Google is sending folks to a post on this site that doesn't quite cover the question of Gonzales' involvement in the torture memos. So I've pulled information from my blog (all in the Torture Inc. category) together into this post for those inquiring minds who are googling my way. Links to source documents, including many of the memos, can be found on the right hand navigation bar. Now, on to the topic at hand.
For those looking for the big picture, check out this timeline on the torture memos and related events. (UPDATE: For opinions on the Gonzales nomination, visit this post and the comment thread at Political Animal.) For information specific to Alberto Gonzales, keep reading.
During the height of the outrage over the discovery of the 'torture memos', Albert Gonzales said that the memos were "unnecessary, over-broad discussions" and "not relied upon" by policymakers". The Senate Armed Services Committee did not treat the memos as though they were simply written discussions and Gonzales' perspective was not widely adopted.
Alberto Gonzales authored only one of the leaked memos (you can read it here but be warned that the quality is poor). Dated January 25, 2002, the memo to the President addressed the applicability of the Geneva Conventions to captured al Qaida and Taliban fighters. Gonzales endorsed a DOJ opinion that Bush should adopt a policy that the Geneva Conventions didn't apply to the Taliban and al Qaeda and specifically counters State Dept. disagreements with the DOJ opinion.
It's informative to read Colin Powell's memo challenging the administration's decision. You can find it here. Of particular interest is the attached critique of the accuracy of contents of the Gonzales memo and the implication that information is presented to bias the president in favor of negating the Geneva Conventions. The State Dept's position is that the advantages of applying the Geneva Conventions outweighs the advantages of not applying them.
In addition to writing the memo discussed above, Gonzales received a number of the torture memos.
2002 01/22 DOJ Memo to White House Gonzales and DOD Haynes
Provides legal basis for not applying the Geneva Conventions in Afghanistan. Presents DOJ opinion cited by Gonzales in 1/25 memo. Cited by Bush in his directive on detainee treatment.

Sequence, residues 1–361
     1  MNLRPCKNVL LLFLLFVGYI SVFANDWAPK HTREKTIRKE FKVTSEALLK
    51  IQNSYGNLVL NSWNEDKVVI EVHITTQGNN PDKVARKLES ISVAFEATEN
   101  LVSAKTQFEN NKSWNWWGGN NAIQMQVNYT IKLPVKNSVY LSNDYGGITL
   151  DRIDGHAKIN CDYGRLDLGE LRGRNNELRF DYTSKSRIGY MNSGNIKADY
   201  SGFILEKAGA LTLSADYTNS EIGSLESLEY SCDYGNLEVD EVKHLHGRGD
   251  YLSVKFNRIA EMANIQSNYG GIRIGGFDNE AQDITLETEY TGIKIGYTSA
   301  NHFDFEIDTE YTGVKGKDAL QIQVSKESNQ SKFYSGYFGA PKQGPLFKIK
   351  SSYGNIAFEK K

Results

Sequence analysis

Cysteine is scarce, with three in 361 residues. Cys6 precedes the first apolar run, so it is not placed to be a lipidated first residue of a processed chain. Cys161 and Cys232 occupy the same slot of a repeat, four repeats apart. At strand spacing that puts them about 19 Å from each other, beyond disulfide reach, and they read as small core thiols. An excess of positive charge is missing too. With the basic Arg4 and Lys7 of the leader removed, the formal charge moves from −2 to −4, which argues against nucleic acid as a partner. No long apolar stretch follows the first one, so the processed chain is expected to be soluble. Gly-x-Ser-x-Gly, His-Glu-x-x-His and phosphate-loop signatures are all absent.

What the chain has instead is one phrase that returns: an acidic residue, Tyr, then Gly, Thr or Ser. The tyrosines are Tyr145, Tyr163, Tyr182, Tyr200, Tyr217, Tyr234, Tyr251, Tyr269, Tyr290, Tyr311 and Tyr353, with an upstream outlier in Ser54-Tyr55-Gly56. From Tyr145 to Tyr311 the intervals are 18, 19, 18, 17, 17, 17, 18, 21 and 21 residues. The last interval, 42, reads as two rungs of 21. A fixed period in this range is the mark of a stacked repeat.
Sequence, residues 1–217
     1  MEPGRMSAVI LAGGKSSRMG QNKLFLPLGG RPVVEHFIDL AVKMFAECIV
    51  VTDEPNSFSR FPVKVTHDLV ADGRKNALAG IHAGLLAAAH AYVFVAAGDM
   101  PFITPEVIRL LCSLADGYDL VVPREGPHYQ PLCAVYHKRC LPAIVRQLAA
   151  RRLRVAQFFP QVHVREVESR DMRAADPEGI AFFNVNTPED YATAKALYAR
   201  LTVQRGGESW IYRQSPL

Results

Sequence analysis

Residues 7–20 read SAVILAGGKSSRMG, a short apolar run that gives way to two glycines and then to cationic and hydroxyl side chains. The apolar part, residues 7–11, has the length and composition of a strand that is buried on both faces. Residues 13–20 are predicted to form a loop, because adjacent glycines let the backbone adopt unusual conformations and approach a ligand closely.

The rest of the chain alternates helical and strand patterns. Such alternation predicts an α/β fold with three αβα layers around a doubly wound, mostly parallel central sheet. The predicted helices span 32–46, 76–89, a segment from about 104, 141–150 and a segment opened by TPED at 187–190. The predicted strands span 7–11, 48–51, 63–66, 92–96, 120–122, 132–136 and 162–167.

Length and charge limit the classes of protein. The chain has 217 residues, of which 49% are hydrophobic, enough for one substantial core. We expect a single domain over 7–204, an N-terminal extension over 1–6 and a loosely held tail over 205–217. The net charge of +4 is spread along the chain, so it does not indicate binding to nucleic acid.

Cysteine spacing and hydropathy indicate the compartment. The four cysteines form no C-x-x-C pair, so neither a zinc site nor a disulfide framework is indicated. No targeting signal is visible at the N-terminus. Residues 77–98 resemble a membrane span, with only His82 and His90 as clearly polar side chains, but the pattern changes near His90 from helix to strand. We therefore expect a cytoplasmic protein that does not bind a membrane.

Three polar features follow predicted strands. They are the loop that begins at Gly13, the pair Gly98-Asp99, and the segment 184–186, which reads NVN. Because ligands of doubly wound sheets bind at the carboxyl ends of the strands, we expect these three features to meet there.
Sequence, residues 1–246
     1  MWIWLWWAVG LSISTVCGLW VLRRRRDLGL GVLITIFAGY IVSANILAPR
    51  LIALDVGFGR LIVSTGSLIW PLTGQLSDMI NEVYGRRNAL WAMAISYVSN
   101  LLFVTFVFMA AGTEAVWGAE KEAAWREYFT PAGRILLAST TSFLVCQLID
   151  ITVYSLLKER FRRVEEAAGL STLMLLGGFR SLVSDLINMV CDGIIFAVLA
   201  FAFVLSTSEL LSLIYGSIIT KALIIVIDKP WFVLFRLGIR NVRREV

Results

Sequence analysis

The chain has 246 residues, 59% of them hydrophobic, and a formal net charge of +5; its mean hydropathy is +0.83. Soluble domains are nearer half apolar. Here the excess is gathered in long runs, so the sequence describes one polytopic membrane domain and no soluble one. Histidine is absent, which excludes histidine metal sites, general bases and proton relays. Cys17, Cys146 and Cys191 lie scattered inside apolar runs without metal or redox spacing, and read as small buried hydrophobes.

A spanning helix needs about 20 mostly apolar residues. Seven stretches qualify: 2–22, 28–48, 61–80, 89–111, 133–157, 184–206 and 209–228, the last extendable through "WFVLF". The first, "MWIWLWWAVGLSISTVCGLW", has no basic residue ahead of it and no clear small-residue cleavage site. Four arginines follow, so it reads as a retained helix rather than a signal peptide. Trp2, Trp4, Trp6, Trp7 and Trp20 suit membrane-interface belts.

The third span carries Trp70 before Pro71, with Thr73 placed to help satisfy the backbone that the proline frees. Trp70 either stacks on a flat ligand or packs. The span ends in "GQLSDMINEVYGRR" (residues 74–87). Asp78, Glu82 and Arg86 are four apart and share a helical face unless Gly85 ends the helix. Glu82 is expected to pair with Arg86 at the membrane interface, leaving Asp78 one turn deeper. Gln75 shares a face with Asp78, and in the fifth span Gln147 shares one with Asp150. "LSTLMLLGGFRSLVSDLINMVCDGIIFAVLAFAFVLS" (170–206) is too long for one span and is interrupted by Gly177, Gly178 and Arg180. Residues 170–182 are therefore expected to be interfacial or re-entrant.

2002 02/02 State Dept Memo to White House: This is a memo from the State Department's legal advisor, William Taft, to the White House counsel, Alberto Gonzales. Taft warns that rejecting the applicability of the Geneva Conventions creates several problems, including the elimination of protection for our troops in the event that they are captures. The memo includes an attachment that shows the broad support among administration lawyers for declaring the Geneva Conventions inapplicable to Taliban and al Qaeda detainees. It also cites a CIA request for an explicit statement that the commitment to the spirit of the Geneva Conventions didn't apply to its operatives.
2002 08/01 DOJ Bybee memo to Gonzales. Written in response to a request by Gonzalez for DOJ to review the application of international and federal law to interrogations occurring outside the United States. A summary of this controversial memo is below. For a detailed analysis, visit this discourse.net post by Dan Froomkin.
Summary: The five part, 50 page memo concludes that acts inflicting and specifically intended to inflict severe pain or suffering, mental or physical, must be of an extreme nature to rise to the level of torture. It also concludes that cruel, inhuman, or degrading acts may not produce the necessary pain or suffering to qualify as torture. The memo concludes by outlining defenses to claims that the law against torture was broken including Commander-in-Chief authority, necessity, and self-defense. This memo in effect provided a rationale for using torture and provided narrow and complicated definitions of torture in order to avoid the possibility of being charged with breaking laws prohibiting torture. The memo says that torturing terrorists abroad “may be justified” and that international laws prohibiting that torture might be unconstitutional in reference to torture occurring during the interrogation of suspected terrorists. The memo was used as a source of legal guidance for the CIA. The White House has referred to this memo as a historic or scholarly review of laws and conventions concerning torture and not a document designed to provide advice on specific methods or techniques.
I'll update this if and when new information comes to light.
UPDATE: If you're still hungry for more, Washington Monthly has a hefty article on the detainee treatment at Abu Ghraib and the torture memos.
UPDATE II: Just realized I've been frequently misspelling Gonzales' name (spelled it Gonzalez - with a z instead of an s- apologies).
UPDATE III: The Washington Post has published a couple of editorials critical of Gonzales and pushing for the confirmation hearing to cover specific areas. This editorial focuses on Gonzales' performance in providing a legal review of clemency requests for Bush when he was governor. This editorial focuses on Gonzales' torture memo and his role in the policy that the Geneva Conventions didn't apply to detainees from the war in Afghanistan.